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Spanking in schools sparks debate

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At the Springtown school board meeting outside of Fort Worth, parent Anna Jorgenson addresses the board about her teenage daughter's spanking.

"I think any of ya'll that have daughters or sons and your kid came home with welts and bruises you would be very upset," she said.

Jorgenson signed off on the paddling as a form of punishment after her daughter was accused of cheating, but she was upset that it was a male administrator that did the spanking. That's also what happened to another teenage girl at the school.

"If I put a mark on her and send her to school CPS is gonna knock on my door. No authority, No school official should be able to bruise my child," said parent Cathi Watt.

It's the injuries from corporal punishment that a mom at a district outside Houston also has a problem with after she says her 7th grade son was hit too hard by an administrator.

"This issue here is not corporal punishment, it's the force used on my child, this was assault," said Christina Douty.

"Any time a child is being disciplined physically with an instrument, whether it's a paddle or a belt or any other instrument, your risk of injuries is significantly higher," said Amanda Van Hoozer with the Center for Child Protection in Austin.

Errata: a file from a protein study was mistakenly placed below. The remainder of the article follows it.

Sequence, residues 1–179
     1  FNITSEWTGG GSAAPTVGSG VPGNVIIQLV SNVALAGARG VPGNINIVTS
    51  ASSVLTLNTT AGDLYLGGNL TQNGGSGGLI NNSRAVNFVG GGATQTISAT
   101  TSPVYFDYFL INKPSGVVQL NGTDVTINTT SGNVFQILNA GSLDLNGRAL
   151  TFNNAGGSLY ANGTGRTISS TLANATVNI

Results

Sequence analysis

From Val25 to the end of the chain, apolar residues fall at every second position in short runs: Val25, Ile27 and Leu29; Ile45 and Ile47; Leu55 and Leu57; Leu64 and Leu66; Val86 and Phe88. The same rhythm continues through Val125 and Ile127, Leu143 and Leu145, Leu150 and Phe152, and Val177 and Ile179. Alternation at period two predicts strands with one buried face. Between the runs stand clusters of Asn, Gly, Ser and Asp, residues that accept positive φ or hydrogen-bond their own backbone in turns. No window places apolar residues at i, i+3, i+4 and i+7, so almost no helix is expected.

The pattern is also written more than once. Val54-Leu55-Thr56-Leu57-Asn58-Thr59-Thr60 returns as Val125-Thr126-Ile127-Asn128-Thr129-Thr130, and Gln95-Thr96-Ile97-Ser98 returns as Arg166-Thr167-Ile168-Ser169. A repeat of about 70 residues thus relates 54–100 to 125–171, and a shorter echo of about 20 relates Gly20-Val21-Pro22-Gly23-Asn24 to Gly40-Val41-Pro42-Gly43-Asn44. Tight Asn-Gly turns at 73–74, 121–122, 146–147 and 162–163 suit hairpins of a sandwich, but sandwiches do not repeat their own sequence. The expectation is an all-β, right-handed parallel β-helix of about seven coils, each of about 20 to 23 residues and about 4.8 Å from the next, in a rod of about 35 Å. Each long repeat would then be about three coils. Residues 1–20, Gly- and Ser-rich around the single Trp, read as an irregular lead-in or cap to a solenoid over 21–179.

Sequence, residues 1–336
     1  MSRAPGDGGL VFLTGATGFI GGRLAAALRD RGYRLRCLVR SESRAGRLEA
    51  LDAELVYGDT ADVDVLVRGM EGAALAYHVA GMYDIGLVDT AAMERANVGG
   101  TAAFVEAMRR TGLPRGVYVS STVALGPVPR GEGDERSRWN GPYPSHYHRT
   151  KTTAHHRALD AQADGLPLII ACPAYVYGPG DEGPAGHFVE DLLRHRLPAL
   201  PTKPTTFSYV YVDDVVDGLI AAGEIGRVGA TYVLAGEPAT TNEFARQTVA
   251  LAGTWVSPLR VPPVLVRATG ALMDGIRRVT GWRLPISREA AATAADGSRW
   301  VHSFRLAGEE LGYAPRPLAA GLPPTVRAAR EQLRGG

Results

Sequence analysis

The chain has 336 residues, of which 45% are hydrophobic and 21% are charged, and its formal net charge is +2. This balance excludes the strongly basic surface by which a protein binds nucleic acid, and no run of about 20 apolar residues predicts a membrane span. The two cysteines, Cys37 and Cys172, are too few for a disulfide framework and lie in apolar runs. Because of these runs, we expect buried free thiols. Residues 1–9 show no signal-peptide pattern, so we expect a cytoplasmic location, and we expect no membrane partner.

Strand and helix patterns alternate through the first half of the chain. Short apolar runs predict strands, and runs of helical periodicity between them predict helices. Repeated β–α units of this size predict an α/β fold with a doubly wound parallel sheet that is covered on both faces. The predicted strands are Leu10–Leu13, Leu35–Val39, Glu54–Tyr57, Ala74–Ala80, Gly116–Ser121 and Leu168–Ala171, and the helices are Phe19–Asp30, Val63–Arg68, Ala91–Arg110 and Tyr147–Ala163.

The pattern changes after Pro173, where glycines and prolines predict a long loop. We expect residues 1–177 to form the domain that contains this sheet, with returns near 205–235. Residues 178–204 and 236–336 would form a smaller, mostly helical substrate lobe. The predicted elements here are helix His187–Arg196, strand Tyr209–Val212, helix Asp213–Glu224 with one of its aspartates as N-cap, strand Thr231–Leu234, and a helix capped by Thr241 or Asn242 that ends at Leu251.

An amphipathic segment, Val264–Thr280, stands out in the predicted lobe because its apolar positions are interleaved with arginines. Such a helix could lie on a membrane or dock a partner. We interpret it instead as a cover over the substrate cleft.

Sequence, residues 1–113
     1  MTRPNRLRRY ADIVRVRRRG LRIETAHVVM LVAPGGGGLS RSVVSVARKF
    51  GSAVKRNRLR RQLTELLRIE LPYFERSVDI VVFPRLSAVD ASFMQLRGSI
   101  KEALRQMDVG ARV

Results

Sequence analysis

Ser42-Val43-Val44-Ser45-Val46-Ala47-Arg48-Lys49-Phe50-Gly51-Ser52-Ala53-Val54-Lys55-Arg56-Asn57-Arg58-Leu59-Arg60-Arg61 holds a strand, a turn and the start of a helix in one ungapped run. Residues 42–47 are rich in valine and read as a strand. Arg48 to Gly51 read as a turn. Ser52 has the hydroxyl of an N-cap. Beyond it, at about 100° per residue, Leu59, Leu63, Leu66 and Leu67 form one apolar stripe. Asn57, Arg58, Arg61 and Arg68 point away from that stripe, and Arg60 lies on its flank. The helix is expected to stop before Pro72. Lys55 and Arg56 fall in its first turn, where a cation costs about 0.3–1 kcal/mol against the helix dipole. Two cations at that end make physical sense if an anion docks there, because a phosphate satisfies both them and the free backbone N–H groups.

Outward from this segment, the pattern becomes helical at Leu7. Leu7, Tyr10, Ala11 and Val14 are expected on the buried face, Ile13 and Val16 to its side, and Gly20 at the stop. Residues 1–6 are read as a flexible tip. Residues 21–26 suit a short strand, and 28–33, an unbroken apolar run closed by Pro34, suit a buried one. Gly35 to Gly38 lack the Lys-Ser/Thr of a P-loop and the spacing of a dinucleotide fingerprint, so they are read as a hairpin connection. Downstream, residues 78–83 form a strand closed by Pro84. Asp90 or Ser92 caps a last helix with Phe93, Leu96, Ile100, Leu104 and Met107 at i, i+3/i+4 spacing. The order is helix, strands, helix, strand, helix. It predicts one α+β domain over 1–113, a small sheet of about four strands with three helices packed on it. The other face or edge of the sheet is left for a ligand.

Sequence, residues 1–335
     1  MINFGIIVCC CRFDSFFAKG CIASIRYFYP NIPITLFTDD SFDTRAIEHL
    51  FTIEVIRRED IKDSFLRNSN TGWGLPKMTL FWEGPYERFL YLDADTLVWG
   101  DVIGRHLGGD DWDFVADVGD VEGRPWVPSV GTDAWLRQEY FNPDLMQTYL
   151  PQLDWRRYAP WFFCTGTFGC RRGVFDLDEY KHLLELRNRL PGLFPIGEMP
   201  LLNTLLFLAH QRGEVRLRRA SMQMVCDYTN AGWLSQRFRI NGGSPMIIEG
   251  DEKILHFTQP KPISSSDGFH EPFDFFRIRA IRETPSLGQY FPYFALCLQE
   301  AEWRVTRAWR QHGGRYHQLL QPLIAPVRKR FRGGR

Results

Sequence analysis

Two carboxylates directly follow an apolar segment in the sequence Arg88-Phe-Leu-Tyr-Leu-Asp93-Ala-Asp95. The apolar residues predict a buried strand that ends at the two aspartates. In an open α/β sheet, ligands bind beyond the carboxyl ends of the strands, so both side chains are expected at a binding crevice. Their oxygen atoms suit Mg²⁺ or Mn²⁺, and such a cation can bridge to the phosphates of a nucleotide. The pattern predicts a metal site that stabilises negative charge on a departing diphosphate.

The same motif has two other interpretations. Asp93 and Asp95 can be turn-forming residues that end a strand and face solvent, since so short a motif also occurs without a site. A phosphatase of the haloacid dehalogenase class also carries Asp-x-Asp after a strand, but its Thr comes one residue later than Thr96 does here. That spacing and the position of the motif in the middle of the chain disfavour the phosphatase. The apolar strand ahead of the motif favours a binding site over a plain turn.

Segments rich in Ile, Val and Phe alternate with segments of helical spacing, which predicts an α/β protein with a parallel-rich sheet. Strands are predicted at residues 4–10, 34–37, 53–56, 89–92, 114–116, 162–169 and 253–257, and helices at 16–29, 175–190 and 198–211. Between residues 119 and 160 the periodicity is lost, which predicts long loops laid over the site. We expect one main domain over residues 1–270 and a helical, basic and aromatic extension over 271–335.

She says in some cases those injuries can end up being more than just physical.

"It really does depend on the circumstance and it depends on the child. But you can have a child who can be very affected by the trauma of being struck."

She adds that parents and administrators need to stop and ask themselves some serious questions before resorting to corporal punishment.

"Is hitting them going to change that behavior and are you going to get the results you want? And in many times the answer to that is, no."

Despite those parent's complaints in Springtown, the school board has expanded their policy to allow for administrators of the opposite sex to do the spanking. Corporal punishment is used by several districts in the Central Texas area including Blanco ISD and Temple ISD. Parents have to give the district permission to use the form of punishment.

During the last legislative session State Rep Alma Allen (D) from Houston tried to push a bill to abolish corporal punishment, but it was not passed.

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